Last weekend we had another nice development session, and we’ve finally got all the modules assembled on the SoapBox mark II. It is now sitting indoors, patiently awaiting the surgeons’ skills and attention to bring it to life.
If you’ve been paying attention, you can see we’ve changed the battery pack. The 10Ah lithium-ion pack recycled from an electric bicycle died an awful death during recharging, all bloated and leaky and smelly. It went from 3 bad cells to 10 bad cells in a single charging. I don’t understand the problem of those cells or that charger, but it’s all over now, we won’t be using them again.
So the new pack, kindly loaned by NJay for our tests, is composed of 4 lead-acid 7Ah 12V batteries, disposed as 2 series in parallel for an output of 24V at a capacity of 14Ah. Not bad, we actually upgraded in capacity – and of course weight. They’re strapped down to the chassis with double-sided velcro strips (cable ties) which absorb vibration and tie the load quite well. It doesn’t need to pass a crash test, it just needs to keep the batteries there.
Another item that died a mysterious death multiple times was the DC-DC converter NJay had fabricated to supply 5V power to the GTA02 Freerunner board and the USB joystick, and every time it was my fault. Damn, why doesn’t positive electricity have a different colour from negative electricity? So Manso has skilfully rebuilt the circuit from scratch on a perf-board (this time with diode protection), and the central brain is powered-up once more. It’s quite nice to be part of such a skilled team – who would have thought a mechanical engineer was so good with electronics? And Manuel did the mechanics work of attaching the converter and the heat sink on the power chip, carefully avoiding the destruction of all the delicate handwork.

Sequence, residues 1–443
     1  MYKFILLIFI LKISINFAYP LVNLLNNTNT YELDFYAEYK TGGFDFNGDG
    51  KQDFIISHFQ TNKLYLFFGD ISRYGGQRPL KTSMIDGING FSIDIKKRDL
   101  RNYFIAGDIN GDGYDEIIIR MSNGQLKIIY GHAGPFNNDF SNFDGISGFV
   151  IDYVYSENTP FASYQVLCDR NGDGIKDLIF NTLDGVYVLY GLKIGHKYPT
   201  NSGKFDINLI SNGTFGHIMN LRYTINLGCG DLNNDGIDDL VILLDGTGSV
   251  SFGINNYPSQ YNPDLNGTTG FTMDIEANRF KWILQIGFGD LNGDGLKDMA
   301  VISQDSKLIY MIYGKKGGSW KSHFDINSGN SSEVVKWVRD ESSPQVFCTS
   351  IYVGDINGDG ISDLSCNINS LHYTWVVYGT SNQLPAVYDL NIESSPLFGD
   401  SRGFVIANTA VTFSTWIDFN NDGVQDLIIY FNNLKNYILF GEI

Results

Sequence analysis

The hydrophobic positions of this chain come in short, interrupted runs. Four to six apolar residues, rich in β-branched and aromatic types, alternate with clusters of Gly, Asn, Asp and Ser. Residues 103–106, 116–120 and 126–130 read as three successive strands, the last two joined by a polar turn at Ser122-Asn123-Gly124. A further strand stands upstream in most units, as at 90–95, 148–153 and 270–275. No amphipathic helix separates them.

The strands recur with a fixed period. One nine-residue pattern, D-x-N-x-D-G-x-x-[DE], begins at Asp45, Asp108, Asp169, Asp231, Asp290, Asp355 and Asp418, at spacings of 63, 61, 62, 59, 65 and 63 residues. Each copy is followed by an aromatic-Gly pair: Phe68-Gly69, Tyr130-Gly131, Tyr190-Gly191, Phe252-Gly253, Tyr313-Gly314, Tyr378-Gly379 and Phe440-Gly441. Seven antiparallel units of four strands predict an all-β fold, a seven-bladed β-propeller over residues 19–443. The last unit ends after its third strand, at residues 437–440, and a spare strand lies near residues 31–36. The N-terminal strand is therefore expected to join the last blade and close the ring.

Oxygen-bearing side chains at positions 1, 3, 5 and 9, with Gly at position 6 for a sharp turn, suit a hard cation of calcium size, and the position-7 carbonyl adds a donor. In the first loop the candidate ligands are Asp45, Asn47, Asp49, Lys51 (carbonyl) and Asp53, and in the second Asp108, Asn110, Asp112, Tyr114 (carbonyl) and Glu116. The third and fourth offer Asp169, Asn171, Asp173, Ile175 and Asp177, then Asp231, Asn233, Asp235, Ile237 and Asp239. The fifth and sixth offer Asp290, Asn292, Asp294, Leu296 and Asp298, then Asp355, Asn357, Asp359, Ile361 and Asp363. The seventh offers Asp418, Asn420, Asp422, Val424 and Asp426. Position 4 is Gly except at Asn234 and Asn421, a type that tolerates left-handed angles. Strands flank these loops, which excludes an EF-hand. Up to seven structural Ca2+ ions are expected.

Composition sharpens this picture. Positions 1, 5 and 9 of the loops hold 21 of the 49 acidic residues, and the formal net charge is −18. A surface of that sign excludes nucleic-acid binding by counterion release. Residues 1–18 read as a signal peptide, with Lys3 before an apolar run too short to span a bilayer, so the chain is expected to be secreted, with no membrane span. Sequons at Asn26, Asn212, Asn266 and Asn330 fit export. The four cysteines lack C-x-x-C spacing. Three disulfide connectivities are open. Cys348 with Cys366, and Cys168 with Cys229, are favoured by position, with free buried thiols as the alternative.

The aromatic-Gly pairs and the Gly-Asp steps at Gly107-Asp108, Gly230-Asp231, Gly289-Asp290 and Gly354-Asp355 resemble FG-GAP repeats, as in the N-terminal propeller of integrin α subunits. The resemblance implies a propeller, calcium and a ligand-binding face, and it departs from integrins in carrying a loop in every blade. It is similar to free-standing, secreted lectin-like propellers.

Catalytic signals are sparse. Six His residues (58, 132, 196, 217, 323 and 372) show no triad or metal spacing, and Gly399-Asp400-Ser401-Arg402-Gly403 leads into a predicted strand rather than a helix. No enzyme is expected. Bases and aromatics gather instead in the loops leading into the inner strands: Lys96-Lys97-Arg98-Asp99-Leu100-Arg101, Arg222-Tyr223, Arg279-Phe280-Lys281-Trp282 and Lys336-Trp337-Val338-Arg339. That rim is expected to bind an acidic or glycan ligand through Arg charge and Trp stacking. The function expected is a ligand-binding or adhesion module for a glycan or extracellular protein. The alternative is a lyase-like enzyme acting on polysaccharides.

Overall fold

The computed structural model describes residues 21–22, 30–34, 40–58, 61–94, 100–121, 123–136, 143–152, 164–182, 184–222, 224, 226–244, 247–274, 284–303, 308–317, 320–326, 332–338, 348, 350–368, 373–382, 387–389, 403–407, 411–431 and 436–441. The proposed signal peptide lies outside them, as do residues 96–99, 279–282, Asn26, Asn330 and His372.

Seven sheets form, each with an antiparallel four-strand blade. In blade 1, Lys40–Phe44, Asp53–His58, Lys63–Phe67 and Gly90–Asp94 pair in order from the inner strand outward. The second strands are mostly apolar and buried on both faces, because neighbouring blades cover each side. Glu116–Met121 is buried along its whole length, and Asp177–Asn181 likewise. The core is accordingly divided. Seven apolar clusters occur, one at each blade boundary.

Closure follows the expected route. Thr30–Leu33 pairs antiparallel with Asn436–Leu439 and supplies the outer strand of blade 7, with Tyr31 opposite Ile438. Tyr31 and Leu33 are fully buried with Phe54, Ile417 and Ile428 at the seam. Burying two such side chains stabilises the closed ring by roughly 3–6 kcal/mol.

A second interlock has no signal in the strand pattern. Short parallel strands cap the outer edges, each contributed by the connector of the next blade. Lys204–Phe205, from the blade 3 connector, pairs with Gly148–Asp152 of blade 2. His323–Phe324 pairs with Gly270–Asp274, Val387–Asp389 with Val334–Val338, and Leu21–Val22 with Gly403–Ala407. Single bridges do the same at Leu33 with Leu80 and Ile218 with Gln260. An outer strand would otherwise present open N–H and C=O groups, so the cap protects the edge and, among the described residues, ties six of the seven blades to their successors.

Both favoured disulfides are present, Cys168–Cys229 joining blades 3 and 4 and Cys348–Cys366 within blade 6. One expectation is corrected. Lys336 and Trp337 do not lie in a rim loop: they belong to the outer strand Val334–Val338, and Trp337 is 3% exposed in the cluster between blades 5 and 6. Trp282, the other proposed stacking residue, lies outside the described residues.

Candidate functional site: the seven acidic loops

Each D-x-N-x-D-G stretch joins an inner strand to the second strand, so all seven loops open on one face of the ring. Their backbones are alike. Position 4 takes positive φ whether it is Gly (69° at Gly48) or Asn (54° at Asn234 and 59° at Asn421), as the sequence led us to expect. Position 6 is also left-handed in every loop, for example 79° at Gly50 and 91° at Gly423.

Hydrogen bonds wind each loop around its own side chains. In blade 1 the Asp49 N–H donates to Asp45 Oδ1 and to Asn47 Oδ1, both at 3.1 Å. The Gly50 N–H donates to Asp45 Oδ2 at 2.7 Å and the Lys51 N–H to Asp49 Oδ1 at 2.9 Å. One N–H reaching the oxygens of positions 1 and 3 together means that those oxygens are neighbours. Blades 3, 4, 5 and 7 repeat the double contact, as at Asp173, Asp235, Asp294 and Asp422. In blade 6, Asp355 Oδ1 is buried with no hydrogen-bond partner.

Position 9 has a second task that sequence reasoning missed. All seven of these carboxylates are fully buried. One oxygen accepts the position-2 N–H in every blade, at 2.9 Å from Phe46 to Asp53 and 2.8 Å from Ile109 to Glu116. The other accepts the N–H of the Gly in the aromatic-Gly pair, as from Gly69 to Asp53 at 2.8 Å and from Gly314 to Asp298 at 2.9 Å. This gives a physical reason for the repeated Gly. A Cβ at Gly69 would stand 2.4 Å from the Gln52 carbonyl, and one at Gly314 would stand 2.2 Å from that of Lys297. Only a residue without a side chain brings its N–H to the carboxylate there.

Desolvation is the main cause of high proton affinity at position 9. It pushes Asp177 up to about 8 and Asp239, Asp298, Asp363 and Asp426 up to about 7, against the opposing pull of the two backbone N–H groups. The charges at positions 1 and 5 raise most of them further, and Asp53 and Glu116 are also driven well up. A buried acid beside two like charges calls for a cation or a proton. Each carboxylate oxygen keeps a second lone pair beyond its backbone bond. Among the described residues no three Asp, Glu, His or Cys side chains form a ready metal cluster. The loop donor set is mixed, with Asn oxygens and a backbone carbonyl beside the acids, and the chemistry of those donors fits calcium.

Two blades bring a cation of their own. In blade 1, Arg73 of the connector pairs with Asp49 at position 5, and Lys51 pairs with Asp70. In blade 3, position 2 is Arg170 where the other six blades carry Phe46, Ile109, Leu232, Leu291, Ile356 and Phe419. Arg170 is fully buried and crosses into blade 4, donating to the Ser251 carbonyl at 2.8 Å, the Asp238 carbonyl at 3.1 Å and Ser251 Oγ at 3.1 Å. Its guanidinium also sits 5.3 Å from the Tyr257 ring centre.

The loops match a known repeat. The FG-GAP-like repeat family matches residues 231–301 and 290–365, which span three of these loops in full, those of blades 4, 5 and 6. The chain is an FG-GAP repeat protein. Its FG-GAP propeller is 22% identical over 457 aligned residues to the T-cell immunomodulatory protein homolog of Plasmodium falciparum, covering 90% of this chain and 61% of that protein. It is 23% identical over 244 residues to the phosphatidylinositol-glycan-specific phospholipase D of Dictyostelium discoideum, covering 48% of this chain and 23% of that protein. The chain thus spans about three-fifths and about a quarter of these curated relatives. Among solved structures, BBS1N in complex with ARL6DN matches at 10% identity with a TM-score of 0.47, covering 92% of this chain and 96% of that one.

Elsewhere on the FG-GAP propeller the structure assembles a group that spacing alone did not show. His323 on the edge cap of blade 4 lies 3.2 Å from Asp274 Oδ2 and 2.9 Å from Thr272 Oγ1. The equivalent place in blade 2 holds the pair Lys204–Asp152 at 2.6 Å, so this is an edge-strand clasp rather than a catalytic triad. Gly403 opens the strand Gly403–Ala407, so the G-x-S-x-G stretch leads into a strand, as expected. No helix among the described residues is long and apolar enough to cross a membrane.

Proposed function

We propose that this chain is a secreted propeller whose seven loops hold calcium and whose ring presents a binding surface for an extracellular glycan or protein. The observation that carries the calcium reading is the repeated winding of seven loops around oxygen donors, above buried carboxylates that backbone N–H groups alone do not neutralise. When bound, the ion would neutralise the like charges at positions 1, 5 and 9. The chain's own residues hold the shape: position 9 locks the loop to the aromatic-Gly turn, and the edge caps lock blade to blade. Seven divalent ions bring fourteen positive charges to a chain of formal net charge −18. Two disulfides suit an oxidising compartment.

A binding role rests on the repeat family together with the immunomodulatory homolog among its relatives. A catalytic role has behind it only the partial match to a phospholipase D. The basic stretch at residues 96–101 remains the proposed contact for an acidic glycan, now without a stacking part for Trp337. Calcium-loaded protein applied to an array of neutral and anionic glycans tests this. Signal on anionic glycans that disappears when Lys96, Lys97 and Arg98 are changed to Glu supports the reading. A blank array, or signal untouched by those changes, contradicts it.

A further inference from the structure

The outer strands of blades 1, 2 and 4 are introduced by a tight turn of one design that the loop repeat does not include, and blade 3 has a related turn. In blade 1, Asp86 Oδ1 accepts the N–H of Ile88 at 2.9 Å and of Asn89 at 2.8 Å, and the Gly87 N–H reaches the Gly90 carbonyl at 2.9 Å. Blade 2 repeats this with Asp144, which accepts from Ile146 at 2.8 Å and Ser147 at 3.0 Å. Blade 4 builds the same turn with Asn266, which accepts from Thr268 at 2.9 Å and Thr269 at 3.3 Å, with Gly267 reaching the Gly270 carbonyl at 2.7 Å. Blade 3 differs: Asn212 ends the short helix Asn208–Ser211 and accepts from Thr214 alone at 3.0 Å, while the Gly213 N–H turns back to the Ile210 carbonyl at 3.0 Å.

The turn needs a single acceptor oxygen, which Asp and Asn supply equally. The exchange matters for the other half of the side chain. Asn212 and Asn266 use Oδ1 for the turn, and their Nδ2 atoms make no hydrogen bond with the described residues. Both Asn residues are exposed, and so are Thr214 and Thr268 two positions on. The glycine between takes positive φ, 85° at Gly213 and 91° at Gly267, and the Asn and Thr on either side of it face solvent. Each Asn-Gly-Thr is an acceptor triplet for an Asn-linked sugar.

Something else you can see on the right side of this picture is that I had to resolder the I²C bus wires on the GTA02 board because the golden testpad simply broke away from the board (I hate it when that happens). It was then soldered to the debug board connector pins, but they broke again and again, so I ripped it out and soldered directly to the board – on those tiny 0.1mm pitch contacts (when the wire is twice as thick as the soldering pad, and the iron tip is 10 times as thick as the wire, you know you’re in trouble). That single soldering took me several cups of herbal tea and several days of mental preparation, but it worked out just fine.
So we put everything on the trike concept, and we fired it up. It doesn’t work, to say the very least. There’s all sorts of glitches in the communication between the 3 controllers: the GTA02 and the 2 micro-controllers on the power bridges. So we’ve spent a few hours poking and prodding trying to debug this connection, with the oscilloscope showing more of an art exhibition than serial comms square waves.
We got to see a bit of everything as we went along experimenting with resistors on the bus: shark-fin waves, pure noise, 3-level waves, you name it. Its like NJay usually says: “This may be a digital bus, but the universe is analog.” So finding the right tuning of the bus is essential to guarantee that it performs its duty of delivering digital words back and forth. The only time we actually saw well-shaped square waves, it didn’t work – because the “high” and “low” voltage levels are different between the master controller (3.3V) and the slaves (5V).
This hadn’t been a problem until now because we were using a very short cable and only 1 slave for testing, but with a much longer and Y-shaped cable things are quite different. So we’re now busy cleaning up this mess – which was created by badly-defined design specifications, of course (I forgot to tell NJay the bus was 3.3V). But no worries, da masta is in da house. He already has a few ideas and this should be sorted out in a session or two.
And then we’ll finally have it do its thing: rock and roll on the road!!!
So, happy hacking everyone!